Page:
Diabetes is the seventh leading cause of death in the US, raising risks for heart attack, blindness, kidney disease and limb amputation. But researchers who have shown that a common blood pressure drug totally reverses diabetes in mice are about to begin a new clinical trial to see if it can do the same for humans. Diabetes affects 12.3% of Americans over the age of 20 and costs the nation $245 billion each year.
The researchers, from the University of Alabama at Birmingham (UAB) and led by Dr. Anath Shalev, have been working on this research for over a decade in UAB’s Comprehensive Diabetes Center.
They explain that their previous research has shown that high blood sugar causes an overproduction of a protein called TXNIP – which is increased within beta cells in response to diabetes. Too much TXNIP in pancreatic beta cells leads to their deaths, stopping the body’s efforts to produce insulin and further promoting diabetes.
UAB scientists have also uncovered that the drug verapamil, which is widely used to treat high blood pressure, irregular heartbeat and migraine headaches, can lower TXNIP levels in these beta cells — to the point that, when mouse models with established diabetes and blood sugars above 300 milligrams per deciliter were treated with verapamil, the disease was eradicate
The trial will test an approach different from any current diabetes treatment by focusing on promoting specialized cells in the pancreas called beta cells, which produce insulin the body needs to control blood sugar. UAB scientists have proved through years of research that high blood sugar causes the body to overproduce a protein called TXNIP, which is increased within the beta cells in response to diabetes, but had never previously been known to be important in beta cell biology. Too much TXNIP in the pancreatic beta cells leads to their deaths and thwarts the body’s efforts to produce insulin, thereby contributing to the progression of diabetes.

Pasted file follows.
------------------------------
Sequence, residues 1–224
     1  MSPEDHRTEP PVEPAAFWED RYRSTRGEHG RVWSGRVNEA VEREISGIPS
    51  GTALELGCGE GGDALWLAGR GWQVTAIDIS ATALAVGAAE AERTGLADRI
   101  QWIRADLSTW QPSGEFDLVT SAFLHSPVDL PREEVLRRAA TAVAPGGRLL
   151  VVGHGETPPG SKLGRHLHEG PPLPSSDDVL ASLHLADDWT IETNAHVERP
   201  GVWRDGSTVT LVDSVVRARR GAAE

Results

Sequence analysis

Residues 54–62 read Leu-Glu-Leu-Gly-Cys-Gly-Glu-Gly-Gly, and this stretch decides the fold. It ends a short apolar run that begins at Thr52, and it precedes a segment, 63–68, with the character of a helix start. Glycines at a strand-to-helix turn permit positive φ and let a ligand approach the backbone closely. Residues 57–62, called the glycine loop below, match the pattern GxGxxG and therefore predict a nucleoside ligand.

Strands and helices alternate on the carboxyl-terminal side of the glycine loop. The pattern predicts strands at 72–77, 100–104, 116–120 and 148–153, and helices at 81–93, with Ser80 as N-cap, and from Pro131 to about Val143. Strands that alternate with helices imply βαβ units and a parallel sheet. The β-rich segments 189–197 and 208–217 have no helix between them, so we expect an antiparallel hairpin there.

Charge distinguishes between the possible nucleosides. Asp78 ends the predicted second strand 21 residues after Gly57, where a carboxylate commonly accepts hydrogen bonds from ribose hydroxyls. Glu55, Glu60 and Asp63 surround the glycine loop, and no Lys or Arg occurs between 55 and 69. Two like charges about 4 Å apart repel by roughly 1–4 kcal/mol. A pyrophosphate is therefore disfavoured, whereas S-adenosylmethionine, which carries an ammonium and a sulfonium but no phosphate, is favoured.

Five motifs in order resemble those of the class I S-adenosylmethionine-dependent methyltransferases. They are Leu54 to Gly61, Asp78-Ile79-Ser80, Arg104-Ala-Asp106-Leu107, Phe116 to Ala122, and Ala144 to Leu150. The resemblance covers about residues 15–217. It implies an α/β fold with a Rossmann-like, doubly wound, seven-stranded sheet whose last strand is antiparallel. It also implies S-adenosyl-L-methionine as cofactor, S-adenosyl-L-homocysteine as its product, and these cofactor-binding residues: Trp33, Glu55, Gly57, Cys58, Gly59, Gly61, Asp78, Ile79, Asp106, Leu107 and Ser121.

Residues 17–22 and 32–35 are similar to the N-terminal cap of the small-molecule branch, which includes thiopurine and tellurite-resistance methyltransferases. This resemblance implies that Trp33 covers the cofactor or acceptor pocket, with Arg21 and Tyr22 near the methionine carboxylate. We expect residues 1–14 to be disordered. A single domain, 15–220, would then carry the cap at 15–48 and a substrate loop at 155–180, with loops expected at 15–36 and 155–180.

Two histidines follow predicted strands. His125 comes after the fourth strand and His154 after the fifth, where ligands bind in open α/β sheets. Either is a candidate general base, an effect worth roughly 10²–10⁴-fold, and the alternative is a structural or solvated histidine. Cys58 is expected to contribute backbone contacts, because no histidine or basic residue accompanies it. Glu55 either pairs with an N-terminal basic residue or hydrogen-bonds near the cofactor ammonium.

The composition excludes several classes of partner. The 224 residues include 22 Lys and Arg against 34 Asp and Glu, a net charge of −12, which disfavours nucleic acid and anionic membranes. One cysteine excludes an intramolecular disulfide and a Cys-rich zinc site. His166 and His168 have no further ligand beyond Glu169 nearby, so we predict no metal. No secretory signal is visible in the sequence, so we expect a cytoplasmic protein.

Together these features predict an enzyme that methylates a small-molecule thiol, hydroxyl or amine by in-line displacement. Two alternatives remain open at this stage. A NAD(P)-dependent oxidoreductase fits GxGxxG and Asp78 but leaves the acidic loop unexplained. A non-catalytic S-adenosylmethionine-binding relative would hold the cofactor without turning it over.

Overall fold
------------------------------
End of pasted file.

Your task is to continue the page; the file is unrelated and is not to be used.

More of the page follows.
The UAB researchers have received a 3-year, $2.1 million grant from JDRF – the largest charitable supporter of type 1 diabetes research – to conduct a clinical trial in 2015 in humans.
“We have previously shown that verapamil can prevent diabetes and even reverse the disease in mouse models and reduce TXNIP in human islet beta cells, suggesting that it may have beneficial effects in humans as well,” said Anath Shalev, M.D., director of UAB’s Comprehensive Diabetes Center and principal investigator of the verapamil clinical trial. “That is a proof-of-concept that, by lowering TXNIP, even in the context of the worst diabetes, we have beneficial effects. And all of this addresses the main underlying cause of the disease — beta cell loss. Our current approach attempts to target this loss by promoting the patient’s own beta cell mass and insulin production. There is currently no treatment available that targets diabetes in this way.”
The trial will enroll 52 people between the ages of 19 and 45 within three months of receiving a diagnosis of type 1 diabetes. Patients enrolled will be randomized to receive verapamil or a placebo for one year while continuing with their insulin pump therapy. In addition, they will receive a continuous glucose monitoring system that will enable them to measure their blood sugar 24 hours a day, seven days a week.
A first step
Shalev says the trial is a first step in the direction of such a novel diabetes treatment approach.
“While in a best-case scenario, the patients would have an increase in beta cells to the point that they produce enough insulin and no longer require any insulin injections — thereby representing a total cure — this is extremely unlikely to happen in the current trial, especially given its short duration of only one year,” Shalev said.
Shalev expects verapamil to have a much more subtle yet extremely important effect.
“We know from previous large clinical studies that even a small amount of the patient’s own remaining beta cell mass has major beneficial outcomes and reduces complications,” Shalev said. “That’s probably because even a little bit of our body’s own beta cells can respond much more adequately to very fine fluctuations in our blood sugar — much more than we can ever do with injections or even sophisticated insulin pumps.”
Because verapamil’s mode of action is different from current drugs or interventions, this opens up an entirely new field for diabetes drug discovery — one that UAB’s Comprehensive Diabetes Center is already engaged in with the Alabama Drug Discovery Alliance, a partnership between UAB’s School of Medicine and Southern Research Institute. The group is actively looking for small therapeutic molecules that inhibit TXNIP to protect the beta cells and treat diabetes.
“We want to find new drugs — different from any current diabetes treatments — that can help halt the growing, worldwide epidemic of diabetes and improve the lives of those affected by this disease,” Shalev said. “Finally, we have reason to believe that we are on the right track.”
SOURCES- University of Alabama at Birmingham, Youtube